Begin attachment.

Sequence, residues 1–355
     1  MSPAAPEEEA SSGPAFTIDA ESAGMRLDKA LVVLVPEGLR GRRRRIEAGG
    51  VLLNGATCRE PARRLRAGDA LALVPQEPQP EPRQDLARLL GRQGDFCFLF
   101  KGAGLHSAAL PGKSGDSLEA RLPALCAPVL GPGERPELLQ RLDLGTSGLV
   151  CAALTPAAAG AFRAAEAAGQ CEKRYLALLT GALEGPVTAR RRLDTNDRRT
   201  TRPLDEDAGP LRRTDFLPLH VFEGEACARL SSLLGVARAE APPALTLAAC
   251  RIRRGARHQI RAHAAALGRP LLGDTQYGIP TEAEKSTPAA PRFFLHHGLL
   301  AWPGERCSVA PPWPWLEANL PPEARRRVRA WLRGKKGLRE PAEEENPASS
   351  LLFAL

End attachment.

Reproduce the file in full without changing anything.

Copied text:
Sequence, residues 1–355
     1  MSPAAPEEEA SSGPAFTIDA ESAGMRLDKA LVVLVPEGLR GRRRRIEAGG
    51  VLLNGATCRE PARRLRAGDA LALVPQEPQP EPRQDLARLL GRQGDFCFLF
   101  KGAGLHSAAL PGKSGDSLEA RLPALCAPVL GPGERPELLQ RLDLGTSGLV
   151  CAALTPAAAG AFRAAEAAGQ CEKRYLALLT GALEGPVTAR RRLDTNDRRT
   201  TRPLDEDAGP LRRTDFLPLH VFEGEACARL SSLLGVARAE APPALTLAAC
   251  RIRRGARHQI RAHAAALGRP LLGDTQYGIP TEAEKSTPAA PRFFLHHGLL
   301  AWPGERCSVA PPWPWLEANL PPEARRRVRA WLRGKKGLRE PAEEENPASS
   351  LLFAL